by Linzy Carlson

There are a myriad of irrigation scheduling tools out there. And whether they're as simple as evaporating pans or as high tech as weather stations connected to computers via satellite, the goal is to get accurate crop evapotranspiration (plant water use) numbers for more efficient irrigation scheduling.    


The Atmometer 

Yet another tool designed for this purpose is the atmometer, a device consisting of a ceramic cup connected to a water reservoir by a tube. The porous ceramic cup is wetted and the cylindrical reservoir is filled with distilled water. As the water in the cup evaporates, more is pulled up from the reservoir. A canvas or Gore-Tex cover specific to the crop being grown covers the cup. This cover simulates canopy cover. A membrane below the canvas cover prevents rain water from getting into the gauge yet allows water vapor to escape.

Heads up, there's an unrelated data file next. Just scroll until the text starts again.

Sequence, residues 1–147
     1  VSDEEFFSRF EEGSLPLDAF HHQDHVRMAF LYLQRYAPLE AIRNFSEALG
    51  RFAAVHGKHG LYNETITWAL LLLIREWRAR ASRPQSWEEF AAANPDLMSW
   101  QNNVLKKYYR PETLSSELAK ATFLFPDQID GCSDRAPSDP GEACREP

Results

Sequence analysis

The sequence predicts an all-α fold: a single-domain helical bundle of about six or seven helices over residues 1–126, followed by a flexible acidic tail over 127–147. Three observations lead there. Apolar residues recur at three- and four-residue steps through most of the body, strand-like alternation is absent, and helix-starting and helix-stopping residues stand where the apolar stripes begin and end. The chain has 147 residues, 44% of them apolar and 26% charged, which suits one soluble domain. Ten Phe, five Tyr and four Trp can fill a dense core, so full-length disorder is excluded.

A gauge running up the side of the atmometer measures the level of the water in the reservoir in inches. As the water evaporates, the reading increases. The difference between readings at two different times is the amount of water used by the crop during that time. Early in the season, these evapotranspiration (ET) numbers must be multiplied by a coefficient to adjust for the lack of full canopy cover.



Getting Started
To utilize this tool to the fullest, one must know the initial water content of the soil and how much of it can be depleted before the next irrigation. The "Feel and Appearance" method of determining percent soil moisture accompanied by tables of available water capacity for different soil textures provide this information. After that, it's just a matter of keeping track of the deductions the crop makes from the water supply and the additions irrigation makes.   

If placed away from buildings or other obstructions in a representative location of the field, atmometers provide highly accurate, site specific ET values at a relatively low cost, giving producers another tool for their irrigation toolbox.